Obstetric complications are common and highly distressing events (Ariadna et al., 2009). Women with obstetric complications reported significantly more negative experiences during their recent childbirth (Thornton et al., 2010, Blom et al., 2010 and Gausia et al., 2012). Early recognition of depression in pregnant women can eliminate the length of time that these women have to suffer with debilitating perinatal depression and can decrease the potentially harmful effects on the infants involved (Neiman et al., 2010). Only a minority of pregnant women suffering from depression are identified by health care providers despite its importance. A major impediment to depression detection is the difficulty in the administration of depression screening tests in busy clinical settings. If there were simplified and appropriate screening instruments, the obstetricians and obstetrical nurses would be able to identify women with obstetric complications who have depressive symptoms more efficiently and effectively (Choi et al., 2012). In both research and clinical practice, a positive screen for depression in the obstetrical patient should be followed by a confirmed clinical diagnosis through a structured diagnostic survey or semi-structured interview based on DSM disorders (SCID) criteria for major depression (Daniels, 2013 and Tandon et al., 2012). However, Gjerdingen et al. (2011) found the SCID might be less convenient or comfortable for mothers because some individuals cannot be reached for an interview, resulting in missed opportunities for diagnosis, selection bias, and possible treatment disparities. In contrast, using a depression survey during a convenient perinatal visit to the obstetrician׳s office, though perhaps less accurate, could be easily administered, is more cost-effective, and more inclusive of screening all women. Fortunately, there are many different, easily administered depression screening tools to help identify those who are at greatest risk, according to SCID criteria, are widely accepted and have been developed to screen for postnatal and antenatal depression in the primary care setting (Boyd et al., 2005 and Breedlove and Fryzelka, 2011), two widely utilized screening scales are the Edinburgh Postnatal Depression Scale (EPDS) (Cox et al., 1987) and the Postpartum Depression Screening Scale (PDSS) (Beck and Gable, 2000). Some studies have compared the psychometric properties of the EPDS and other screening scales. For example, Tandon et al.,(2012) enrolled 32 pregnant women and 63 women with a child <6 months in home visitation programs. Each woman completed a structured clinical interview and three depression screening tools: the EPDS, Center for Epidemiologic Studies Depression Scale (CES-D), and Beck Depression Inventory II (BDI-II). The results indicated that each screening tool appear to be reliable and brief assessments of major and minor depression among low-income African American perinatal women. However, given that no women during pregnancy met criteria for minor depression, it was not possible to determine optimal prenatal cutoff scores. In addition, Zhong et al. (2014) recruited 1517 women receiving prenatal care to evaluate the psychometric properties of the Patient Health Questionnaire (PHQ-9) and EPDS, and found both of them are reliable and valid scales for antepartum depression assessment. But the study results could not determine the extent to which scores from each scales are predictive of adverse maternal and perinatal outcomes. There are few studies evaluating the comparability of the EPDS and PDSS, to date, in China, only one study (Li et al., 2011) screened 387 normal pregnant mothers within 12 weeks postpartum and compared the performance of the Chinese version of the EPDS and PDSS. Given the high prevalence of depressive symptoms among high-risk pregnant women and the lack of studies combined the EPDS and the PDSS during pregnancy, we conducted the present study to expand the body of research for perinatal depression screening by employing and analyzing the validity of the combined use of them, for antenatal depression screen in a population of Chinese pregnant women with obstetric complications. More specifically, if combined use, we wanted to determine the cutoff scores of the PDSS and the EPDS to screen for antenatal depression among this population. Previous research indicates that screening pregnant women for depression is clinically indicated; and, combining the EPDS and the PDSS might build upon the strengths of each scale to increase the validity of antenatal depression screening. Such information could encourage other researchers and clinicians to test the validity of the combined use of the different screening instruments to identify depression during the perinatal period in multiple obstetric settings.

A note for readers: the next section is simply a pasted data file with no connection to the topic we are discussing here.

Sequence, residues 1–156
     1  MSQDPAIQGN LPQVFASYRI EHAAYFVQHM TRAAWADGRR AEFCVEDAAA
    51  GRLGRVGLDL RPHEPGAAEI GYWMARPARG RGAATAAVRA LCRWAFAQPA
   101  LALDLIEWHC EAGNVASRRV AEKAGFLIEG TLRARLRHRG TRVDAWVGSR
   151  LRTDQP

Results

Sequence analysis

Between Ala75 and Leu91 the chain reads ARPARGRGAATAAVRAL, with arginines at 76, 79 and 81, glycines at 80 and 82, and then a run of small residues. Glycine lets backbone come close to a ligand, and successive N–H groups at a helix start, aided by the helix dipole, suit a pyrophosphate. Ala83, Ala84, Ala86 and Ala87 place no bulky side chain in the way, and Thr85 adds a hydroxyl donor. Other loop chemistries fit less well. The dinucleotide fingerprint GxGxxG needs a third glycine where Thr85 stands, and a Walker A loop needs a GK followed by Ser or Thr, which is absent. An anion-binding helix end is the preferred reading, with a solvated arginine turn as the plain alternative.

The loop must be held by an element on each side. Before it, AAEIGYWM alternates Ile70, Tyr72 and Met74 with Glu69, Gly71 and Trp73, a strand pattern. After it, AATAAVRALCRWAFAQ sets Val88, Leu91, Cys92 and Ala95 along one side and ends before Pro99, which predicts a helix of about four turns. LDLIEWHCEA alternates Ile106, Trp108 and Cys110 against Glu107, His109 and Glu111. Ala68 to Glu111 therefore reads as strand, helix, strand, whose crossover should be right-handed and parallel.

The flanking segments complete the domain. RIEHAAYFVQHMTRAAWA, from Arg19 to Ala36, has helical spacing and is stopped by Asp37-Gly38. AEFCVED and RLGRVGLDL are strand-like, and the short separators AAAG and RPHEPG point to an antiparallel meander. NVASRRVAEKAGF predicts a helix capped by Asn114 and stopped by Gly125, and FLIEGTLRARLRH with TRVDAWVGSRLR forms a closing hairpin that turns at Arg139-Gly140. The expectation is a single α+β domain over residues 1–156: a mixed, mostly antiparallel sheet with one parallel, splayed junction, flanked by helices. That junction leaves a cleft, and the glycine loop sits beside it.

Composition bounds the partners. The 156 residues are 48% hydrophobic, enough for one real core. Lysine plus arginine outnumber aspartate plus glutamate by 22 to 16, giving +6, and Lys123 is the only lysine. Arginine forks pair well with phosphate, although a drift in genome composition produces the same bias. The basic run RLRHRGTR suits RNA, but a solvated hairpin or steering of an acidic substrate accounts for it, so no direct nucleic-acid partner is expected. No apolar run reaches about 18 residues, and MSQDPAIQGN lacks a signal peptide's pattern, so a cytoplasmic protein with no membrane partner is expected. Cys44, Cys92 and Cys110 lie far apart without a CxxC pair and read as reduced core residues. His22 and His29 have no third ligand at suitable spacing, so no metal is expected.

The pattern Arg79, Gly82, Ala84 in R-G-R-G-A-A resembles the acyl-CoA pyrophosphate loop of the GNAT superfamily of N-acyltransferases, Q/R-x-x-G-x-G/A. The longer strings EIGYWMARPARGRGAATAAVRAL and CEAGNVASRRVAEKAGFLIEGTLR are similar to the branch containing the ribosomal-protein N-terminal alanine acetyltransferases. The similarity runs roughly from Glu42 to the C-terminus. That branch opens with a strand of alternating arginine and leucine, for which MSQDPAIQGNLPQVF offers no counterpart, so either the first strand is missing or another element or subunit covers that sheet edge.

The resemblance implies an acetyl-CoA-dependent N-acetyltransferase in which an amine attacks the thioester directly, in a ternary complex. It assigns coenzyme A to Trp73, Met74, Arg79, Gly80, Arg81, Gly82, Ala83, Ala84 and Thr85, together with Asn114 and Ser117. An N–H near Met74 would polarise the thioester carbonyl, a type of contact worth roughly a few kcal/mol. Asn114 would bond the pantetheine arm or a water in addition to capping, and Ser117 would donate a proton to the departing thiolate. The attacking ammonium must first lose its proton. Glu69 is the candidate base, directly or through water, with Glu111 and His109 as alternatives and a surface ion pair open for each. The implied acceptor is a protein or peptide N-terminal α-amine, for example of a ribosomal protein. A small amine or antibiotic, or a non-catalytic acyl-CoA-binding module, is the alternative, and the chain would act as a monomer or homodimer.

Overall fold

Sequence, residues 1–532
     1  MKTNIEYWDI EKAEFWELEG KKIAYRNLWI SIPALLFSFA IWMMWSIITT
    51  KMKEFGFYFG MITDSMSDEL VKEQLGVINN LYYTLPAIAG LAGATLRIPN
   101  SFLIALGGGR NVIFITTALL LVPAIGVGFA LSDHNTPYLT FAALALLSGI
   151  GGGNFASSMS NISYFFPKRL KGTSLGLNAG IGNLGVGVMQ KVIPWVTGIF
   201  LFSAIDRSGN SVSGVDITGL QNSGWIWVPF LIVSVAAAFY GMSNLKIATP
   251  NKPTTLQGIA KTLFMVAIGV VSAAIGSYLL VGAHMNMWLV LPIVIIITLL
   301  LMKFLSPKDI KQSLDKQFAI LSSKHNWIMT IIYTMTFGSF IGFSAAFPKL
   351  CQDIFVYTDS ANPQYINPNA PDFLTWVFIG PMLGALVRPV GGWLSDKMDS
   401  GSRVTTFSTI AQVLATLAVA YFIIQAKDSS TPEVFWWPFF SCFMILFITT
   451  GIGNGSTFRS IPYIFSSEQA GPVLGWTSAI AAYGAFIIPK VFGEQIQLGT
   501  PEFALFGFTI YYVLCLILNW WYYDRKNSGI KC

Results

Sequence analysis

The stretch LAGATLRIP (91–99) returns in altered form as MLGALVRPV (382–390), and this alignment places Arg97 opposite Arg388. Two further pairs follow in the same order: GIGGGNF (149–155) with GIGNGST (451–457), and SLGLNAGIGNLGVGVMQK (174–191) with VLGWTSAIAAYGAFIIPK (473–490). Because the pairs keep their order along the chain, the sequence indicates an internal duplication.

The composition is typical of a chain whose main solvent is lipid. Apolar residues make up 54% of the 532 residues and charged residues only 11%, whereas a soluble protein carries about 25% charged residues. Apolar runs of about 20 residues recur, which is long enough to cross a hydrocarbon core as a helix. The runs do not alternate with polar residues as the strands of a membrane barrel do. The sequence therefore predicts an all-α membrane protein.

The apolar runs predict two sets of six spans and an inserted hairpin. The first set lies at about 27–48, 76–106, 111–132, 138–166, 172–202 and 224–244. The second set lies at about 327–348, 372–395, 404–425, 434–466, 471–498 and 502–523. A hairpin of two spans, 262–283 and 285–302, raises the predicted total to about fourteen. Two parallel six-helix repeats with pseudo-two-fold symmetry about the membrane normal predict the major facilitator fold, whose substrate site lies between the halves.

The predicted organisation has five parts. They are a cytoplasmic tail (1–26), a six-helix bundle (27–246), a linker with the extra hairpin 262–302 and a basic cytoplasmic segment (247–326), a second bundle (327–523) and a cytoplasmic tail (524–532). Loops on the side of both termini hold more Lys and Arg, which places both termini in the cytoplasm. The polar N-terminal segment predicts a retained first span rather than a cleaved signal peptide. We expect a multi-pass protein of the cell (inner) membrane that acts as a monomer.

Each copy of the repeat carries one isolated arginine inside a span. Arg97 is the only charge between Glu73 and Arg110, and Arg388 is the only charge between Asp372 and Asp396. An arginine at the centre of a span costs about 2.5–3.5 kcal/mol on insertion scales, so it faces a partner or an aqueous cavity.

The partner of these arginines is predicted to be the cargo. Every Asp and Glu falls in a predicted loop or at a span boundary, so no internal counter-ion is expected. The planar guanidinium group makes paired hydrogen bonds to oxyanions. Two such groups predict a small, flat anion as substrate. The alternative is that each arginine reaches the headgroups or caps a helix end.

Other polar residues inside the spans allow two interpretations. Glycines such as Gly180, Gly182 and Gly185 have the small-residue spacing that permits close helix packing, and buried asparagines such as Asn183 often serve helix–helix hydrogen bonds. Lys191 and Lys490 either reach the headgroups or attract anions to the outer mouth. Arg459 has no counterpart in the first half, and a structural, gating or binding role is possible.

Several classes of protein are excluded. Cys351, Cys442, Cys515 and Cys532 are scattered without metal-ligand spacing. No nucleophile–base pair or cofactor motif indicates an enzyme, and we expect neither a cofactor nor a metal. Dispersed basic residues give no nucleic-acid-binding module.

نتیجه گیری انگلیسی
The demographic characteristics of the participants are presented in Table 1. Eight hundred and forty two Chinese pregnant women with obstetric complications in their different gestational weeks (M= 24.86, S.D.=7.75, range=10–39 weeks of gestation) participated in the study. Among study participants, 57 (6.8%) were 12 weeks or less gestational age, 413 (49.0%) were between 13 and 27 weeks, 334 (39.7%) were between 28 and 36 weeks, and 38 (4.5%) were 37 weeks or more. The mean participant age was 30.5 years (S.D.=3.7; range=21–43 years). Most were primiparas (85.8%), and the remaining were multiparas. Around 2.85% had primary and lower education, 9.98% had middle school education and 87.2% had college and higher education. The majority (83.6%) was still working. The majority of the participants (n=573, 68.1%) had just one complication, 219 (26.0%) had two complications, whereas only 50 (5.9%) experienced three or more complications. The obstetric complications conclude body mass index (BMI) abnormal, age≥35years old, hypertension, diabetes mellitus, heart disease, thyroid disease, and so on. Table 2 shows all of the obstetric complications in this sample.